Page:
Today I’m going to setup a XMPP (Jabber) server on my Banana Pi.
I’ve had good experiences with ejabberd. Unfortunately the resources on my virtual root server are limited, I couldn’t run ejabberd on that server in a stable way. Therefore I used jabberd2 on my virtual root server previously. However, I wanted to move that server application to my local network, both for security and convenience reasons anyway. Indeed besides the hardware limitations I’m free to do whatever I want on my BPi, therefore I moved the XMPP server to that device.
In this article, I’m going to explain how to install an ejabberd server on your Arch Linux machine.
Setting up and configuring the XMPP server
As ejabberd is provided in the community respositories, we don’t need to compile anything for ourself. So we’re going to simply install that application:
yaourt -S ejabberd
The next step will be the configuration of the XMPP server. I’m going to enforce encryption for Client-to-Server (c2s) and Server-to-Server (s2s) communication. Please make sure, you have a certificate for encryption (
/etc/ssl/server.pem in this example) set up.
/etc/ejabberd/ejabberd.yml file with root privileges.:
hosts: - "localhost" - "xmpp.example.com" listen: - certfile: "/etc/ssl/server.pem" starttls_required: true protocol_options: - "no_sslv3" ciphers: "ECDHE-RSA-AES256-SHA384:ECDHE-RSA-AES256-SHA:DHE-RSA-AES256-SHA" zlib: false tls_compression: false s2s_use_starttls: required s2s_certfile: "/etc/ssl/server.pem" s2s_ciphers: "ECDHE-RSA-AES256-SHA384:ECDHE-RSA-AES256-SHA:DHE-RSA-AES256-SHA" s2s_tls_compression: false s2s_protocol_options: - "no_sslv3" acl: admin: user: - "admin": "xmpp.example.com" auth_password_format: scram
If you want to deny any user to register with your server later, you have to set the following:
access: register: all: deny
Setting up the database
This step is optionally. The ejabberd is able to use an internal database called “Mnesia”. But if you already have a dedicated database server like MySQL, you might want to use it as a database backend for ejabberd. This is what I want to do now. Please note, that if you use a dedicated database, unlike the internal Mnesia method, the the passwords are not hashed using SCRAM (see Store passwords in plaintext in the database for security).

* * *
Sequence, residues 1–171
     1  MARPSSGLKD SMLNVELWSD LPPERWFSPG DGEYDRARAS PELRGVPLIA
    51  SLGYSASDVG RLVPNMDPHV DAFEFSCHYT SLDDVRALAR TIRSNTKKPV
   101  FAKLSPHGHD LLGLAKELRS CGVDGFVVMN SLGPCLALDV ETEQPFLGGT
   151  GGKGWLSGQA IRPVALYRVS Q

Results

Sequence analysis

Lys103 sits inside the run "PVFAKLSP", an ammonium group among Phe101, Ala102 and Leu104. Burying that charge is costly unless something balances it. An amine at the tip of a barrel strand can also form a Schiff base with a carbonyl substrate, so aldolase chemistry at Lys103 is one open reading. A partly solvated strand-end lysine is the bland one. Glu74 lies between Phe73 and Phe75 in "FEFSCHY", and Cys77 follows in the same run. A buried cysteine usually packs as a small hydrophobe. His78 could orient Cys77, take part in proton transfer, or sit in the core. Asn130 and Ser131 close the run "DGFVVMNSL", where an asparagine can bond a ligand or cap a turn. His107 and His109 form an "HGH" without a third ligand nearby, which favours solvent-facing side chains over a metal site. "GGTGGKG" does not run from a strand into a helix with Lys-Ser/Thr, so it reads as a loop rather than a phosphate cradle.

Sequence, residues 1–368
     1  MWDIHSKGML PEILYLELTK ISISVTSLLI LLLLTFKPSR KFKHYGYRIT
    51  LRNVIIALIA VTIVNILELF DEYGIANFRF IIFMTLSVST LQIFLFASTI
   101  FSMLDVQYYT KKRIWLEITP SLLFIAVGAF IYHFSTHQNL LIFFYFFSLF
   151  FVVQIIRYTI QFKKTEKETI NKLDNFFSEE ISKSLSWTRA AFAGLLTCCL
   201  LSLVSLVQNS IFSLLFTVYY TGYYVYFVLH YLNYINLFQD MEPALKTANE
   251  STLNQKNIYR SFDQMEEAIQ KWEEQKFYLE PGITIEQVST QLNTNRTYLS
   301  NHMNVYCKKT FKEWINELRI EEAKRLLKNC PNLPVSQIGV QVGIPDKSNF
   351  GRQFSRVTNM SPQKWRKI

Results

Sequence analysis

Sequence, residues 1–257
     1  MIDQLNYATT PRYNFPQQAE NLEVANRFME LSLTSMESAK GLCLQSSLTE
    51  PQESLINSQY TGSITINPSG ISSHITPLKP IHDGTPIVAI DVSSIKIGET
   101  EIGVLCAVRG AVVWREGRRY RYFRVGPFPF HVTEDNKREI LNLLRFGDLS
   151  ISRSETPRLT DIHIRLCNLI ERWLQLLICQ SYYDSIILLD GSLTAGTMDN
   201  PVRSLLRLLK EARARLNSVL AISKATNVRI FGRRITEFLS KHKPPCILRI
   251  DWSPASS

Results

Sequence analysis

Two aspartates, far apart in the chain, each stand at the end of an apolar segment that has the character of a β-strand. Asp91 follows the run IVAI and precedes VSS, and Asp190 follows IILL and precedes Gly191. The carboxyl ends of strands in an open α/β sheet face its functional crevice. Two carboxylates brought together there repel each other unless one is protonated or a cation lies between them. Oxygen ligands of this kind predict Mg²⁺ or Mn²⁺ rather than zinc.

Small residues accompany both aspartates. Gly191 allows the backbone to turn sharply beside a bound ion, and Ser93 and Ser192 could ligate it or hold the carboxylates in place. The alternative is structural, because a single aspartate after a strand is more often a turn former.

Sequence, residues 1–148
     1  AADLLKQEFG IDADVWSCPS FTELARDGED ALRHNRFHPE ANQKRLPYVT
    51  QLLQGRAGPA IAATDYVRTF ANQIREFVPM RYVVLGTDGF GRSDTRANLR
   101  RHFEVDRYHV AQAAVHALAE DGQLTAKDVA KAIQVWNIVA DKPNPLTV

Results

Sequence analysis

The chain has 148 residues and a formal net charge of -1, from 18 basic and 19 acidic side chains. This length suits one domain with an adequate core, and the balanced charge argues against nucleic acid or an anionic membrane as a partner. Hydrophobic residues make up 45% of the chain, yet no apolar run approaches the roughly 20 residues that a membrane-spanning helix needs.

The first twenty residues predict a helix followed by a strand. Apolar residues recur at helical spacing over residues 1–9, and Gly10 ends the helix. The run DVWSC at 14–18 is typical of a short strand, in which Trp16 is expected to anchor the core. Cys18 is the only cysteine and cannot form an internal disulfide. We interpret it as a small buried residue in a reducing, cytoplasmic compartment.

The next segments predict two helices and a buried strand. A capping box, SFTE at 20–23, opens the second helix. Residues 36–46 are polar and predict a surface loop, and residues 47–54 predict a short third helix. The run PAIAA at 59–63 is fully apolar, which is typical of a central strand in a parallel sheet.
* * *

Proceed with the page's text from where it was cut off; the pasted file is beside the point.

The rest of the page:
First step is to create a new database and grant access to a new database user:
mysql -u root -p MariaDB [(none)]> CREATE DATABASE ejabberd; MariaDB [(none)]> GRANT ALL ON ejabberd.* TO 'ejabberd'@'localhost' IDENTIFIED BY 'password';
Then we need to download and import the database schema:
wget https://raw.githubusercontent.com/processone/ejabberd/master/sql/mysql.sql mysql -u ejabberd -p ejabberd < mysql.sql
Last step is to configure the MySQL driver in
/etc/ejabberd/ejabberd.yml. Comment out
auth_method: internal, set
auth_method: odbc instead and configure the database settings:
##auth_method: internal auth_method: odbc odbc_type: mysql odbc_server: "localhost" odbc_database: "ejabberd" odbc_username: "ejabberd" odbc_password: "password"
Starting up the server and add an admin user
Now we’re ready to enable and start our server:
sudo systemctl enable ejabberd sudo systemctl start ejabberd
When the server is started (you may check
/var/log/ejabberd/ejabberd.log), we have to add our admin user, who we defined previously. Please note, that we have to do it as ejabberd user who is created when installing ejabberd:
sudo -u ejabberd bash ejabberdctl register admin localhost adminpassword
Pidgin and OTR
Now that you have your XMPP server up and running, you want to connect to it via a XMPP client. For enhanced privacy (i.e. security), I suggest using end-to-end encryption via the Off-the-Record Messaging protocol (OTR). I recommend using Pidgin and the OTR plugin. If you’re using an Arch machine as a client, you may install the packages
Have fun communicating over XMPP!
By the way: If you want to contact me via XMPP, my JID is ryad (at) xmpp.eldajani.net 🙂